But New York won it three games to two. Next was the Oakland Athletics, who had won 94 games themselves. Once again, New York were the underdogs.

It was a great Fall Classic. Yogi's 16th and last. New York dropped a pitcher's duel in game one.


In game two, it went back in forth before New York came out on top, 10-7 in extra innings. In game three, it was the A's turn to win it in the extra frame. But New York scored three in the bottom of the first and three more in the bottom of the fourth to win it, 6-1.

Jerry Koosman and Tug McGraw combined to throw a masterful 2-hitter in game five, giving New York a stunning 2-0 win and a 3 to 2 World Series lead. Now, all the Mets had to do is win one of the next two games to pull of a huge upset that would trump their improbable win four years earlier.

They didn't quite get it. Tom Seaver dropped a tough 3-1 decision in game six, as he pitched well enough to bring the championship back to New York. In game seven in Oakland, it was 5-0 Athletics in the top of the sixth, but Yogi would not let them quit.

Rusty Staub hit a double to drive home the first Met run in the sixth. In the top of the seventh, New York put two runners on, but could not get either home. Rollie Fingers got New York 1-2-3 in the top of the 8th, but New York would not go away quietly the next inning.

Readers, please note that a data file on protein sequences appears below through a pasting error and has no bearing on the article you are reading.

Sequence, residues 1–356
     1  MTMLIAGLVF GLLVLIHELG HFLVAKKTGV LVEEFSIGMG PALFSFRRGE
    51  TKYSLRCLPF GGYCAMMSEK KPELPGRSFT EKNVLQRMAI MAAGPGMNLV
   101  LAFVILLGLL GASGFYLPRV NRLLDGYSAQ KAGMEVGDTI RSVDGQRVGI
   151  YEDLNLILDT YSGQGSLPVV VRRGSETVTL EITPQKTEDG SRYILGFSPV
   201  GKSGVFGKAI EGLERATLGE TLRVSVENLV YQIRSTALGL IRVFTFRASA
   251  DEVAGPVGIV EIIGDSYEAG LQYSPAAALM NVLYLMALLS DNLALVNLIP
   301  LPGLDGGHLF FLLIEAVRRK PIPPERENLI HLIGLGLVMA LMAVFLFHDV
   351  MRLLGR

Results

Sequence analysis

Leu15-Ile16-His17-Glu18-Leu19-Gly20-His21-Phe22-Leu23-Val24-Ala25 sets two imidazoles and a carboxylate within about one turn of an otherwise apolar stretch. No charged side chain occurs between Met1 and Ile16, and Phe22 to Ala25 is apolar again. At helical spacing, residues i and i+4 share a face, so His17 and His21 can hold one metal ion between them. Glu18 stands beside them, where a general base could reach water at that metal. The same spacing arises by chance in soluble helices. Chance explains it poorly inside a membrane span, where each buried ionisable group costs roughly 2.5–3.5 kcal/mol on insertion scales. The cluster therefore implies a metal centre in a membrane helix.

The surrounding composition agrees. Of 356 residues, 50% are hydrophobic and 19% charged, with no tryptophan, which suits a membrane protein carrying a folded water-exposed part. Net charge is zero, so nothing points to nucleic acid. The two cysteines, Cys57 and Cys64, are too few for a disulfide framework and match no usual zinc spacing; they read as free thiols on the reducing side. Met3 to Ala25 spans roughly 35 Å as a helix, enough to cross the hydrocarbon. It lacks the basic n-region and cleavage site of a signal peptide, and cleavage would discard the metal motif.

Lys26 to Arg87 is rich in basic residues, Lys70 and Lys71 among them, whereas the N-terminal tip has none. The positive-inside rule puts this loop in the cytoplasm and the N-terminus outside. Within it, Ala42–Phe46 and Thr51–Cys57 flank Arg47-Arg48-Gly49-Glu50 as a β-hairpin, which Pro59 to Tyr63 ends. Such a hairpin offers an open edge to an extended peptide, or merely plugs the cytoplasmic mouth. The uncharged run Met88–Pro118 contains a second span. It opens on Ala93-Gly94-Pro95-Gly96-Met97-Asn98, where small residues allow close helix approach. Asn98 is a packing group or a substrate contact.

John Milner did what anyone should do to lead off the inning. He walked. With one out, Don Hahn got his third hit of the game. A ground out moved both of the runners to second and third. But Oakland was one out away from winning it all.

Ed Kranepool, a member of the 1969 winning team, was sent up to bat for pitcher George Stone. When he sent a roller to first, it looked like lights out. But Gene Tenace had moved from his familiar spot behind the plate to first, and perhaps that was a mistake. He made an error which allowed Milner to score. Now, with runners on the corners, the tying run was at the plate and it was back to the top of the order. Ted Martinez came in to pinch-run for Kranepool.

But Wayne Garrett popped out, and Oakland had won the 1973 Fall Classic, four games to three. A tough way to end it. New York had gone down fighting, just like the Yankees had under Berra nine years earlier.

While Yogi didn't always win in the Fall Classic, he was always in the Fall Classic, no matter what team he was on. Yogi might be remembered for his quotes, but when it came to the World Series, it was no laughing matter when he was around!

Tuesday, May 27, 2014

Thoughts On "The Big Three" At The French Open

Is this the year Nadal finally loses it to Djokovic? Is this Federer's last kick at the can on the clay? Or does Nadal, as always, Rule At Roland?

My emotion feeling is Novak Djokovic finally pulls it of. My gut feeling is it's Rafael Nadal again. Nowhere do I feel that Federer, despite his fine play so far this year, pulls it off. At least he doesn't have to worry about Stan Wawrinka, but that applies to the other two, as well.